The Rev. Brian Peake will portray evangelist Dwight L. Moody, a popular preacher of the 19th century, and Mayesville Presbyterian deacon Kell Compton will have the part of Ira D. Sankey, Moody's music director. The two published several books of Christian hymns together. They will invite the congregation to sing a variety of hymns sung at the revivals conducted by Moody and other evangelists. These will include "Blessed Assurance," "My Faith Looks Up to Thee," "He Leadeth Me," "Shall We Gather at the River," "Jesus Loves Me" and several more.
Among Sunday's congregants will be several well-known hymn writers portrayed by members of Mayesville Presbyterian, Williams said. They are Angie Bland, Don Bowman, Carol Ann Compton, Rafe Dixon, Denise Josey and Rose Rhodes.
Dr. Don DuBose, also a church member, playing the chairman of a 19th-century town council chairman, will welcome Moody and Sankey to the revival. At the beginning of Sunday's program, Becky Wilson, of both Mayesville Presbyterian and Lynchburg's First Baptist churches, will provide introductory commentary, and dialogue among the characters in the program will add background on the hymns and their writers.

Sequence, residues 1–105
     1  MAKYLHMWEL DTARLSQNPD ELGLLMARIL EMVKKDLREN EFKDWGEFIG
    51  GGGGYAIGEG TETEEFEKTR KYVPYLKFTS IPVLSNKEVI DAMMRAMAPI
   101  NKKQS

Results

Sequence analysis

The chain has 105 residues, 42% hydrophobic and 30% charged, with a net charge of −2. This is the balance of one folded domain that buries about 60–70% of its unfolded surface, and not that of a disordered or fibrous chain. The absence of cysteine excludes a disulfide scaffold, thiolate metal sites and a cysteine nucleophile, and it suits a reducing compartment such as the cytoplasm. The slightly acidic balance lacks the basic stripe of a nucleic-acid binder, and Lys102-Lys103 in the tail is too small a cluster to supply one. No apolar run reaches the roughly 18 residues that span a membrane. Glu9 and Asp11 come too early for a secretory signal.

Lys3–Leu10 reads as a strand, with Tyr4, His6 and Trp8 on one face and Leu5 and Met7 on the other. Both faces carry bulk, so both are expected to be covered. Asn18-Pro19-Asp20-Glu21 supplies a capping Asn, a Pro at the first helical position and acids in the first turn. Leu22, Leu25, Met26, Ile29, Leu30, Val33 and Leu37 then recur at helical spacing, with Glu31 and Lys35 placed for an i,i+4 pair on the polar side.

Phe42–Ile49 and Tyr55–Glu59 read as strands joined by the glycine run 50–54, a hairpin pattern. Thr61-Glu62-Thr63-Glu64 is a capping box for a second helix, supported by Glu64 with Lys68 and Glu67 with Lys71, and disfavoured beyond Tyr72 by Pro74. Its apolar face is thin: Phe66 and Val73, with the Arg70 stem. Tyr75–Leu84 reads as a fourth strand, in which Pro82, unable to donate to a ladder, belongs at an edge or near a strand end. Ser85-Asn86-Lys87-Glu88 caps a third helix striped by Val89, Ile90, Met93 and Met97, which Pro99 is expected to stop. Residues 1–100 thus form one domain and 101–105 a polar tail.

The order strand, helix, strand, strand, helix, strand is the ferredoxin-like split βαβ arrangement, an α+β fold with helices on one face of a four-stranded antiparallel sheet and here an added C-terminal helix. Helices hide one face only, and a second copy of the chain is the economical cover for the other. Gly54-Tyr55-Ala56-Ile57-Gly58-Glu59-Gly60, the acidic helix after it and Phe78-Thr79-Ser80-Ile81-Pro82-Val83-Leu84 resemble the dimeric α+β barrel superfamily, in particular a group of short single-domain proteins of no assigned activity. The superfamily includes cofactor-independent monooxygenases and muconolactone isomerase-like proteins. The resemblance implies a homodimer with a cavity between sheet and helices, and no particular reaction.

Singing will be led by the Mayesville Presbyterian Church choir, and Peake, pastor of the church for 17 years, will welcome friends and church visitors.
Williams said that "perhaps the most satisfying element of a hymn festival is the occasion to engage in hearty singing with a church full of other hymn lovers. Mayesville's hymn festival promises to provide ample opportunity to do just that."
There is no charge for the 4 p.m. hymn-singing program; however, donations to the church music ministry will be accepted.